The challenge of the proposed amendments in Bill C-305 will be in establishing clear definitions as to what is meant by administrative, social, cultural, or sports activities or events. For example, many hate crimes and incidents happen in specific LGBTQ-identified neighbourhoods and at community or social events. Places like Church Street in Toronto, Davie Street in Vancouver, and Saint Catherine Street in Montreal all represent clearly identified and civically supported LGBTQ neighbourhoods.

Would these areas receive the same protection that is proposed by Bill C-305? I believe clarity is needed to ensure that these and other important community gathering places, such as pride festivals, which can draw tens of thousands, or in the case of Toronto and Montreal and Vancouver's pride festivals, hundreds of thousands of people.

Sadly, these celebrations of diversity also make them prime targets for hate and extremism. While mischief or crimes to property are one of the most common forms of hate crimes in Canada, most hate crimes against the LGBTQ community are not to property, but directly target individuals in the form of physical and sexual assaults and murder. Indeed, recent hate crime statistics indicate that of all the reported hate crimes committed in Canada, those targeting the LGBTQ community are among the most violent in nature and require serious medical attention. It's not one stab wound, but 40, as these individuals are not seen as persons, but as objects to be destroyed.

Sadly, only one in 10 hate crimes is ever reported to law enforcement. By attacking vulnerable individuals, most hate crimes are designed to instill fear and terror into entire communities. They strike at the very heart of what we believe an inclusive democracy should be, which is to live one's life openly, without threat or fear.

The proposed amendments to Bill C-305 raise several further questions. Will commercial spaces, such as LGBTQ-identified businesses, be protected under the legislation? Places like bars and nightclubs have been important and historic spaces of refuge and resistance for the LGBTQ community. In some cases they were the only safe spaces that existed in many communities.

Our modern pride movement is said to have emanated out of the police raids at the Stonewall Inn, an infamous bar in New York City. And now thanks to one of the final acts of president Obama, it has been recognized as the first national LGBTQ monument in the United States. Stonewall marked the beginning of a newfound source of community identity and activism. Those fateful riots in June of 1969 are the reason why many pride festivals are held around the world today.

The recent Pulse nightclub tragedy in Orlando, which took the lives of 49 innocent people and wounded 53 others, occurred in a gay-identified nightclub. This is another very recent and tragic example of the extreme hate and violence still directed at the LGBT community. There have been more than 25 documented directed attacks on LGBTQ-identified spaces, where people came to find community and love, but where they were met with hate and death.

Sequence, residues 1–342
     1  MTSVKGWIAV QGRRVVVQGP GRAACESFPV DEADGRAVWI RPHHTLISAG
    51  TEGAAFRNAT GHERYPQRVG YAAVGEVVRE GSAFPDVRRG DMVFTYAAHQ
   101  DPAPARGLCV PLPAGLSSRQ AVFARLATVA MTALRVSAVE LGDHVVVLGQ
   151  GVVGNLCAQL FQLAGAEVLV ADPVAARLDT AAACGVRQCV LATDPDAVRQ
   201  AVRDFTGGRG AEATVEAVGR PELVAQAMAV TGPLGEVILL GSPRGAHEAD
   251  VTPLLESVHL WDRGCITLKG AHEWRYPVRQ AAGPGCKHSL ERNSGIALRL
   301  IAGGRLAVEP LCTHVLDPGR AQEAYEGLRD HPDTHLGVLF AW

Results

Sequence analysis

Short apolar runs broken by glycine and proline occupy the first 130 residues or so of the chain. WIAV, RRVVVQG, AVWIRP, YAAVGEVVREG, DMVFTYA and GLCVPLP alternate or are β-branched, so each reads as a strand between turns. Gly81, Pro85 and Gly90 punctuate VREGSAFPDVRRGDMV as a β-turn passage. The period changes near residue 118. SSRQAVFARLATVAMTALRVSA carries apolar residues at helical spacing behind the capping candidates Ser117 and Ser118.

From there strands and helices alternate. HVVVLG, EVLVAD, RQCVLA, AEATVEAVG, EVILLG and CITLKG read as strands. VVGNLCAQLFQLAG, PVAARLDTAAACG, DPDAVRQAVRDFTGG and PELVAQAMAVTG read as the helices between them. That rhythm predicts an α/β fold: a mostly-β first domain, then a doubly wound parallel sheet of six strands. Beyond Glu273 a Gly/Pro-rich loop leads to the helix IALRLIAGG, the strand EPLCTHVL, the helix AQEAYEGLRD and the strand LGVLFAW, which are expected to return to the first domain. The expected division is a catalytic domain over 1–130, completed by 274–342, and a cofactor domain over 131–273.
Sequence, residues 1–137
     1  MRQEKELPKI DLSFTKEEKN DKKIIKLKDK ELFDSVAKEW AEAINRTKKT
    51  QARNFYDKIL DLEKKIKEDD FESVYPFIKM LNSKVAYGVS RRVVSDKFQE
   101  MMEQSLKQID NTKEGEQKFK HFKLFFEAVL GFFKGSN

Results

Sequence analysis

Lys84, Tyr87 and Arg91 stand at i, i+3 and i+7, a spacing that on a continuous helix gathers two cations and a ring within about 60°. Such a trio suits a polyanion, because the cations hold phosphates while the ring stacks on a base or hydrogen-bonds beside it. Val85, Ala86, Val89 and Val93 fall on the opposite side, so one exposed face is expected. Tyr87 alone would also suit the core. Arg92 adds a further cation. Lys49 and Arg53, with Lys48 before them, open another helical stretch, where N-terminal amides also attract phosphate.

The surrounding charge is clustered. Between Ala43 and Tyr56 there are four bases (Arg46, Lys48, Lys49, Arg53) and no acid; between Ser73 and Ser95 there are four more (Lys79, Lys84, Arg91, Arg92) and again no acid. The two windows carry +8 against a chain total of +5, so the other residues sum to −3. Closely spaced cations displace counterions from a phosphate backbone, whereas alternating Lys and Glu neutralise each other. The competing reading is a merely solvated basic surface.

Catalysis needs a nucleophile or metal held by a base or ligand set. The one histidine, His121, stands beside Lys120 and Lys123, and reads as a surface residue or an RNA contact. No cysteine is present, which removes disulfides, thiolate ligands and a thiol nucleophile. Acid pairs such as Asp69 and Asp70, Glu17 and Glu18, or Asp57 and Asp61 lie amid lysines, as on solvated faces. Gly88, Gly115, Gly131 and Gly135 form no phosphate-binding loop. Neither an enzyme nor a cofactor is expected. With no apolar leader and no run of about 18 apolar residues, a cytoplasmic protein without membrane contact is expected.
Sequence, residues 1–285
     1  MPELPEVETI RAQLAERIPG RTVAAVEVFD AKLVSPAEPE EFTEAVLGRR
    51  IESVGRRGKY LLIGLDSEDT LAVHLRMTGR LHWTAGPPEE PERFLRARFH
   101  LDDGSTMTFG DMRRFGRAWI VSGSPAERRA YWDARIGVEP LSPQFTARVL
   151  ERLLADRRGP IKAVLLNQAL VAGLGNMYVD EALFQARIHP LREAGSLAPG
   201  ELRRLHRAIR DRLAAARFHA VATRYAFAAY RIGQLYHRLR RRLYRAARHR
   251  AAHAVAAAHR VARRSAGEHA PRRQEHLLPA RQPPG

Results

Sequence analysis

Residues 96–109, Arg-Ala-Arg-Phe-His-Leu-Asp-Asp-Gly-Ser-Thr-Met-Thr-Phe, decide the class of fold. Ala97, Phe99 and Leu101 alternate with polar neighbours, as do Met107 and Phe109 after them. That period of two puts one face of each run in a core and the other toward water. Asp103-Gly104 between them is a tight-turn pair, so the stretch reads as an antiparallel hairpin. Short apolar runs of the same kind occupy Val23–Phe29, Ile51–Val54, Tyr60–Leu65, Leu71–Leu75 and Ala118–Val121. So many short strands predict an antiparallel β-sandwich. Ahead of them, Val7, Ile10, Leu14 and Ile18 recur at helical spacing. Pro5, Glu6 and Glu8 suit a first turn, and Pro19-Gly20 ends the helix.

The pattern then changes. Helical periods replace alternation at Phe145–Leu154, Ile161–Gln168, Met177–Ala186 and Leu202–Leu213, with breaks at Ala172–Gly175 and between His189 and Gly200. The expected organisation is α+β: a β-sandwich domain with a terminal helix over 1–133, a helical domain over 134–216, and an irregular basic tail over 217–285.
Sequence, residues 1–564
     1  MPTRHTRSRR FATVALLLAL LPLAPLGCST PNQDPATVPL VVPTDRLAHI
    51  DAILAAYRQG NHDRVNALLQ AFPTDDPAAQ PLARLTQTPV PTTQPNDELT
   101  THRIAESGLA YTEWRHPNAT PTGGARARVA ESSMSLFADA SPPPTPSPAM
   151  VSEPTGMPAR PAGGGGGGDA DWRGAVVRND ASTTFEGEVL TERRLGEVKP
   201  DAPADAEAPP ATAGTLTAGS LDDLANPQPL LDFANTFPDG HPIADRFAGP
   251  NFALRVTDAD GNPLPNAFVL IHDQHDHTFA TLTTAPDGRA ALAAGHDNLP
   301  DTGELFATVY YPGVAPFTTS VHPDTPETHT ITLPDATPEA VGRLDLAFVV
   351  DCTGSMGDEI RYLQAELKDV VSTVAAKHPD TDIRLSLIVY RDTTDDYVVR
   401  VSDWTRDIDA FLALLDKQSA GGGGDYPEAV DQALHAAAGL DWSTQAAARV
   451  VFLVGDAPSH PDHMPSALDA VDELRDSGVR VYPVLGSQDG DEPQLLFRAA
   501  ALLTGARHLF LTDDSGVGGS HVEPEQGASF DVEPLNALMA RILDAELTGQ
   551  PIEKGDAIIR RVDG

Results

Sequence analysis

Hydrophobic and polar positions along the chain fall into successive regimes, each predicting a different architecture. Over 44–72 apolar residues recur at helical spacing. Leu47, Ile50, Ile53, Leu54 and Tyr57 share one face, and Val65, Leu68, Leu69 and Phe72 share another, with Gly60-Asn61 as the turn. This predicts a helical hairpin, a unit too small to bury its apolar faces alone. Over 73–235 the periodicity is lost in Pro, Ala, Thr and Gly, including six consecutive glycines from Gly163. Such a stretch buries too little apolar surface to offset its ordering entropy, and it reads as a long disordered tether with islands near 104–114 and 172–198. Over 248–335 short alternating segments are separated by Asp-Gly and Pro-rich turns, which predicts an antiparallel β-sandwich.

Perhaps rather than the piecemeal amendments to the Criminal Code of Canada, all of which are well intended to address hate and prejudice, it's time for a different and more comprehensive approach. In Canada, law enforcement agencies still do not have a common operational definition of hate crimes, which causes challenges in police investigations, reporting, and the accurate collection of important national data. This is why there should be a specific hate crime section and universal definition included in the Criminal Code of Canada.

For example, a possible uniform definition might be this: A hate crime is an offence committed against a person or property, which is motivated in whole or in part to harm or instill hatred towards an identifiable group based on real or perceived race, national or ethnic origin, language, colour, religion, gender, gender identity, gender expression, age, mental or physical disability, sexual orientation, or any other similar factor.

The addition of a specific hate crime section in the Criminal Code of Canada, which could be in similar form to the current section on terrorism, section 83.01, and the education and application of this new hate crime section by police agencies and justice officials would ensure that Canada's diverse communities understand that our government not only advocates and supports peaceful co-existence between communities, but it also enforces the full extent of the law against hate-mongers and extremist groups whose goal is to attack diversity and difference and tear away at Canada's very social fabric.